The “Dawn Phenomenon” is the term given to an increase in blood sugar in the morning caused by the body’s early-hours release of certain hormones like cortisol and adrenaline. The Dawn Phenomenon usually occurs early in the morning, even before you have thought about breakfast or coffee.
What causes the Dawn Phenomenon?
At night the body naturally produces less insulin. But during the last hours of sleep, from around 4 a.m. to 8 a.m., hormones tied to the circadian rhythm start to trigger the circulation of glucose throughout the body to provide energy for cells to use for the day ahead, especially as part of the arousal process following sleep. Hormones such as cortisol, adrenaline, glucagon, and growth hormone each trigger the body to pump out more glucose from the liver and muscles, but this, combined with the relative lack of insulin in circulation, results in a natural blood sugar rise in the morning. In tyep2 diabetes the body becomes resistant to the actions of insulin, the hormone responsible for lowering raised blood glucose back to normal. So when the other hormones kick in, insulin is no longer effective as controlling the raised sugar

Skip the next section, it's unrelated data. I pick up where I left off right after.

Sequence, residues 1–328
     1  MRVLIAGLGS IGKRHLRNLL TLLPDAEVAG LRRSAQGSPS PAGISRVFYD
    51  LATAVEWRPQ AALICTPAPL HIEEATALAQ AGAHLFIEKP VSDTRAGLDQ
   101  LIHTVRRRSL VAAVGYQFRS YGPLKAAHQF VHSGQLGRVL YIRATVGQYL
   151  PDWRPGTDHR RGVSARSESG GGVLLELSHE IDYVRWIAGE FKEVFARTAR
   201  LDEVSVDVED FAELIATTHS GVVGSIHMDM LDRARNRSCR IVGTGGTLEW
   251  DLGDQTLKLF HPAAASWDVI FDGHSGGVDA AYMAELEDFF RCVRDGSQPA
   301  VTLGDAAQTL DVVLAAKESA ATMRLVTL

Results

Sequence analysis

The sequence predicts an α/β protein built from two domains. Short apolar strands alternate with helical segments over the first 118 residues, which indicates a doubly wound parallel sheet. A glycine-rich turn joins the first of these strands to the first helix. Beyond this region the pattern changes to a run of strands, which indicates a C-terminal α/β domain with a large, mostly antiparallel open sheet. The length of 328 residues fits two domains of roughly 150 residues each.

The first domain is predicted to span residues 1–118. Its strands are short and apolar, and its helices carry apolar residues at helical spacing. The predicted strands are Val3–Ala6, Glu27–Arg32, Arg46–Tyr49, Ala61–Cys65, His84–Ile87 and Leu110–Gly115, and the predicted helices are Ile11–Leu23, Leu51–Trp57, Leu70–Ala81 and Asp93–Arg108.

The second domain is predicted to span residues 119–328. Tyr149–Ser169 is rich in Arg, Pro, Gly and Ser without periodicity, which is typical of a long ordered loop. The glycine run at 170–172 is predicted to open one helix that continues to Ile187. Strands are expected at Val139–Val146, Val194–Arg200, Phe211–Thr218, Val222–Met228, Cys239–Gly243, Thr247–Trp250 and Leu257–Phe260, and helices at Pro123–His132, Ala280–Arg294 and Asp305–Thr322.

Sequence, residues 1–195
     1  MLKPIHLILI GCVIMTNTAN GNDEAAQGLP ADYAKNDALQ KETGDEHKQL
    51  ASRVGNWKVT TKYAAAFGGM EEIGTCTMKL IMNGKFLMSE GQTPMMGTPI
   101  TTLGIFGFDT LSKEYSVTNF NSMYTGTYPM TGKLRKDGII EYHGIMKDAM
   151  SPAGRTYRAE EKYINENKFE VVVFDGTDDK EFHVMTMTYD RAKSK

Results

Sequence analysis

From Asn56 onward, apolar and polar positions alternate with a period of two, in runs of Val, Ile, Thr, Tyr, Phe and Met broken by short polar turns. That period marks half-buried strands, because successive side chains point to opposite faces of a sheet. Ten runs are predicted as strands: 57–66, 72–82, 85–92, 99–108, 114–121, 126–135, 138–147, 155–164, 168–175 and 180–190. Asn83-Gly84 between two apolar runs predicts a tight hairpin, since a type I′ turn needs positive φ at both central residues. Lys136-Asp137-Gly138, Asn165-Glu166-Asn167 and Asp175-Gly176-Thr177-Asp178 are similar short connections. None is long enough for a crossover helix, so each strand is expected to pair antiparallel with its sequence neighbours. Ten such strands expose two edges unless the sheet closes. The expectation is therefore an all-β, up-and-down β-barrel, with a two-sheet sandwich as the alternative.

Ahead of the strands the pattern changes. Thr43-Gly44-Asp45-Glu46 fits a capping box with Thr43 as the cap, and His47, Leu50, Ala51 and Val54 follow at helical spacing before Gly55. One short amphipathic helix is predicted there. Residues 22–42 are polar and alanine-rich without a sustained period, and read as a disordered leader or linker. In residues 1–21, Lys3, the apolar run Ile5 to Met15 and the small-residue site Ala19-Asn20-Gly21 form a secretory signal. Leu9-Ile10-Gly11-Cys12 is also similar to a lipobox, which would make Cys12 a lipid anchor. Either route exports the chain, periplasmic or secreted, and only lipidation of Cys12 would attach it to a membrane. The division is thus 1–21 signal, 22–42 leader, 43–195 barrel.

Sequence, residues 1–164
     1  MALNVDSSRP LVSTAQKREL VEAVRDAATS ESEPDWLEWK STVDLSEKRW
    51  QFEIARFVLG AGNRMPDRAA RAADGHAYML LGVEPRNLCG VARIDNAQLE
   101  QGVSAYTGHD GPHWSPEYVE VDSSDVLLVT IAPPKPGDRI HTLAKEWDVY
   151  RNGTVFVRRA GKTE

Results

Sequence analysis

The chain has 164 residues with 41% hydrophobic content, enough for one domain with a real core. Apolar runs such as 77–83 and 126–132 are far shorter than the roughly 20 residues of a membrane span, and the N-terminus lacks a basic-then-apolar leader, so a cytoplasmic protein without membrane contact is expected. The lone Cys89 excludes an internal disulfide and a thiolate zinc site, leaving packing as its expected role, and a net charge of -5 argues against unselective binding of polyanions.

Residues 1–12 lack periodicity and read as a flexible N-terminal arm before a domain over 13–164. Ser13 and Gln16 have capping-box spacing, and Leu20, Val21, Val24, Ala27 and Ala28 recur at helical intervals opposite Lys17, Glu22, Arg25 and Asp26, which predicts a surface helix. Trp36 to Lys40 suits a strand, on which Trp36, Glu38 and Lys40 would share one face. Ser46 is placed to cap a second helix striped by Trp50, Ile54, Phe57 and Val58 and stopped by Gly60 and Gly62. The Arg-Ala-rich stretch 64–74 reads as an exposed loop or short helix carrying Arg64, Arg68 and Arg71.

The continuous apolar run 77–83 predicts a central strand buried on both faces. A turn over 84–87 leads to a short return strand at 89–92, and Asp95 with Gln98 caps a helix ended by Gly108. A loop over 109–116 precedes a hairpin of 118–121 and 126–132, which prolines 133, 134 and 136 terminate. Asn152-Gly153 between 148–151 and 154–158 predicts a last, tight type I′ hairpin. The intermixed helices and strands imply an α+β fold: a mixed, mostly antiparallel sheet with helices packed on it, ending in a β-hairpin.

Can Dawn Phenomenon be treated?
To stop Dawn Phenomenon occurring, there are steps you can take:
Reduce Carb intake- Cutting back on carbs (at least during dinner and evening hours) could help you prevent a morning glucose burst.
Some gentle exercise in the evening – such as going for an after-dinner walk, may help keep morning blood sugars in a better range
Don’t carb-snack at night- If you’re truly hungry, choose something fat- and protein-based that won’t raise your glucose much, like nuts or cheese.
Get a good nights sleep- Aim for at least eight hours each night. Fewer than six hours of sleep has been shown to significantly raise blood sugar levels because your body is running on adrenaline